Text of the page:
• Race. High blood pressure is particularly common among blacks, often developing at an earlier age than it does in whites.
  • Family history of high blood pressure. High blood pressure tends to run in families. If a first-degree relative, such as a parent or sibling, has high blood pressure, you're more likely to develop the condition.
  • Not being physically active. Not exercising can increase your risk of high blood pressure and increase your risk of being overweight.
  • Diet high in salt (sodium) or low in potassium. Sodium and potassium are two key nutrients in the way your body regulates your blood pressure. If you have too much sodium or too little potassium in your diet, you're more likely to have high blood pressure.
  • Tobacco use. Smoking cigarettes, chewing tobacco or even being around other people who are smoking (secondhand smoke) can increase your blood pressure.
  • Drinking too much alcohol. Drinking more than two drinks a day if you're a man age 65 or younger or more than one drink a day if you're a woman of any age or a man older than age 65 can increase your blood pressure. One drink equals 12 ounces of beer, 5 ounces of wine or 1.5 ounces of 80-proof liquor.
  • Certain chronic conditions. Certain chronic conditions — including kidney disease, diabetes and sleep apnea — may increase the risk of prehypertension.

Although prehypertension and high blood pressure are most common in adults, children may be at risk, too. For some children, high blood pressure is caused by problems with the kidneys or heart. But for a growing number of kids, poor lifestyle habits, such as an unhealthy diet, obesity and lack of exercise, contribute to prehypertension and high blood pressure.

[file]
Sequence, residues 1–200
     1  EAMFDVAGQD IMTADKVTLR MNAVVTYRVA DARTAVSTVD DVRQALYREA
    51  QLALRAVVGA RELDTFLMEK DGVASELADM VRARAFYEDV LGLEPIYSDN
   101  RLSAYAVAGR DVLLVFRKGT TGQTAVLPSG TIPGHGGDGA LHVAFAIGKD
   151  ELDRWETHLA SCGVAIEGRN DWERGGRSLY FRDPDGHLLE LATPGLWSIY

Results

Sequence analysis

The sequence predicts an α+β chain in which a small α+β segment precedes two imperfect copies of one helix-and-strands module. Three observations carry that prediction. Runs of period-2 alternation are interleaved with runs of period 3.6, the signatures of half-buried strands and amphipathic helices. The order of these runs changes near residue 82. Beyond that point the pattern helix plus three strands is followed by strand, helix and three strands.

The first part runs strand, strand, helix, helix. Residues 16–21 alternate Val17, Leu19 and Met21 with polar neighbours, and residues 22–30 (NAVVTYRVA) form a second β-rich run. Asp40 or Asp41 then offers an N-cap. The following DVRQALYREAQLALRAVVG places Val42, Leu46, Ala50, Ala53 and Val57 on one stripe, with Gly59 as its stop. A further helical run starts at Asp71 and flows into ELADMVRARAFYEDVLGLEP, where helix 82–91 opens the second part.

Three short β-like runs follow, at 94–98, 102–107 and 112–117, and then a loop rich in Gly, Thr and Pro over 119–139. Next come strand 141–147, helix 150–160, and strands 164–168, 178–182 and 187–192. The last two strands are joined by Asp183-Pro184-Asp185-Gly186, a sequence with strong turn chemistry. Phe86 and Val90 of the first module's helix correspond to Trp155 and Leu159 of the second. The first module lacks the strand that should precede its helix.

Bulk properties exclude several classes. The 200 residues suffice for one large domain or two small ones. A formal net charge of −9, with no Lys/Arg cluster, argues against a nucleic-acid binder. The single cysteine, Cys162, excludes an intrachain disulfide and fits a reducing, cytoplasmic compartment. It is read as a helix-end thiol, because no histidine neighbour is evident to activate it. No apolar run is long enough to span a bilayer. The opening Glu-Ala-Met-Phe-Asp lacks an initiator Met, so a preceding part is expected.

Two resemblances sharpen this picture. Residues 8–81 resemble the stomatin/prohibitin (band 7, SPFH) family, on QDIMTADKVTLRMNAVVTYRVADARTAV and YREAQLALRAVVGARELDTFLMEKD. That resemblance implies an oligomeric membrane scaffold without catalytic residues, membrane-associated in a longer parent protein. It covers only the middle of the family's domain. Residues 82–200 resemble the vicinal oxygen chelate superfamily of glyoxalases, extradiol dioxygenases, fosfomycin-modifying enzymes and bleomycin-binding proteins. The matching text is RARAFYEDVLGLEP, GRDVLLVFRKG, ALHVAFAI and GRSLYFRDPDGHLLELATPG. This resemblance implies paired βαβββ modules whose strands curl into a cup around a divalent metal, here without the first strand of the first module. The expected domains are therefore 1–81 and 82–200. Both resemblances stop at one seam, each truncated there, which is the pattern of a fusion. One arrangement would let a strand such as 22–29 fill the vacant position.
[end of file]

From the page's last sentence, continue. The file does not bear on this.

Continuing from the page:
Prehypertension itself doesn't often have complications. If you have prehypertension, it's likely to worsen and develop into high blood pressure (hypertension). The term "prehypertension" is often used by doctors to signal that it's time to begin making lifestyle changes or, if you have certain conditions such as diabetes, to consider taking medications to stop your blood pressure from rising to definite high blood pressure.

High blood pressure can damage your organs and increase the risk of several conditions including heart attack, heart failure, stroke, aneurysms and kidney failure.

If you think you may have prehypertension or high blood pressure, make an appointment with your family doctor or health care provider to have your blood pressure checked.

No special preparations are necessary to have your blood pressure checked. You might want to wear a short-sleeved shirt to your appointment so that the blood pressure cuff can fit around your arm properly. You might want to avoid caffeinated food and drinks right before your test. You may want to use the toilet before having your blood pressure measured.